As a first time user of a cargo bike I hadn’t thought about the parking implications because I’ve seen so many of them happily accommodated in Copenhagen. However, in Philadelphia it wasn’t exactly ‘park where we want to‘, more ‘park where we’ll fit and the children won’t get run over’. Cycle parking needs to be as inclusive as the bikes and the route (saying ‘everyone is welcome’ doesn’t make a ride inclusive by the way..).

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Give Mom A Bike Lane! 

Dena was keen to show me ‘the protected cycle lane’. Yes, the one. Here it is in the distance:

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I’m sure it’s lovely but it wasn’t entirely helpful as we wanted to go in the opposite direction. Looking at the fast moving traffic in the direction we wanted to go we opted for radical law breaking and used the pavement:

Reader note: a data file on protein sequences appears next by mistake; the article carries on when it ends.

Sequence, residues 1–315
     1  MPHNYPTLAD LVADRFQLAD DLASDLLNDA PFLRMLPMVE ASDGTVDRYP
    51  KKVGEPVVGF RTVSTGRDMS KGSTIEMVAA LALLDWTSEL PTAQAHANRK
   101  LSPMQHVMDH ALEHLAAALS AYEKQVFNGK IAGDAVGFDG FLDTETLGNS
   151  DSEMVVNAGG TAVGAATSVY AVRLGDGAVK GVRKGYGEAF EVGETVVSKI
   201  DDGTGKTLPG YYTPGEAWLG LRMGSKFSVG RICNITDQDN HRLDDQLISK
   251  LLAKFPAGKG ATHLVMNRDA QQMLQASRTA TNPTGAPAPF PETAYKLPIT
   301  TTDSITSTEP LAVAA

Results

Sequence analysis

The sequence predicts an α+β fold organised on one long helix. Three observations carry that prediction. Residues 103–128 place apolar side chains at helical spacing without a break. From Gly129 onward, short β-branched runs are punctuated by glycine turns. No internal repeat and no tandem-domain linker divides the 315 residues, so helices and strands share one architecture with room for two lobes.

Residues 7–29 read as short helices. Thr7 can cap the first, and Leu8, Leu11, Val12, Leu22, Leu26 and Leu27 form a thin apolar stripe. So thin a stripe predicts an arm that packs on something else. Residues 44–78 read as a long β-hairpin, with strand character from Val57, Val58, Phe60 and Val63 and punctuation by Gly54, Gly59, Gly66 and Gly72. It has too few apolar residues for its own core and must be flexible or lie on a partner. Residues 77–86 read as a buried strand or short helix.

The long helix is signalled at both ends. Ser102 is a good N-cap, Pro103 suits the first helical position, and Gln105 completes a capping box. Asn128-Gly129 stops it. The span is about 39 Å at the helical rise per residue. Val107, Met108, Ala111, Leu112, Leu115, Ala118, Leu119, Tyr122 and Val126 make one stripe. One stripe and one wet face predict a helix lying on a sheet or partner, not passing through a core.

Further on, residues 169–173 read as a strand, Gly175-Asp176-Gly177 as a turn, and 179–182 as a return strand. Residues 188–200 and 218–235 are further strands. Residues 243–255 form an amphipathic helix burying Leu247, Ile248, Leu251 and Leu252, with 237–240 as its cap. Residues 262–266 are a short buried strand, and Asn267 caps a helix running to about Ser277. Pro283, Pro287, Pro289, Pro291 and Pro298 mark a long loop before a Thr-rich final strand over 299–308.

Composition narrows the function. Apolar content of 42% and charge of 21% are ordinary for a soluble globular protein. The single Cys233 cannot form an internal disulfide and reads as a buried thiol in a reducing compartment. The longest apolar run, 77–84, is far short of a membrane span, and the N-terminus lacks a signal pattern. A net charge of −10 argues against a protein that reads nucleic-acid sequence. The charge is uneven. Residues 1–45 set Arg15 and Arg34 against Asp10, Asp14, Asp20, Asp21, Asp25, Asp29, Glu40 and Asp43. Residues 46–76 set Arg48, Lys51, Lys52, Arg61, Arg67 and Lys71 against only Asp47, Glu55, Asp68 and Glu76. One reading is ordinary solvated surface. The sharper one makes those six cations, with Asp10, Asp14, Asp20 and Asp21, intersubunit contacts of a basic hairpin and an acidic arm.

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Despite the above, Philadelphia is a lovely, compact and ridable city. Drivers seemed relaxed and courteous and I generally felt remarkably safe cycling through the city with my son in the Gazelle. The buffered bike lanes and clear sharrows gave me a sense that we were welcome to ‘share the road’ even if they wouldn’t actually protect us. 

 

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Protection or Paint?

Philadelphia is trying out green paint to indicate potential conflict zones but we also saw a number of entirely green painted lanes. I would rather they saved the paint and flipped the bike lane over so that we could ride inside the parking zone and out of the dooring zone…

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Never mind Penny in Yo Pants, I want to get my Bike on the Bus!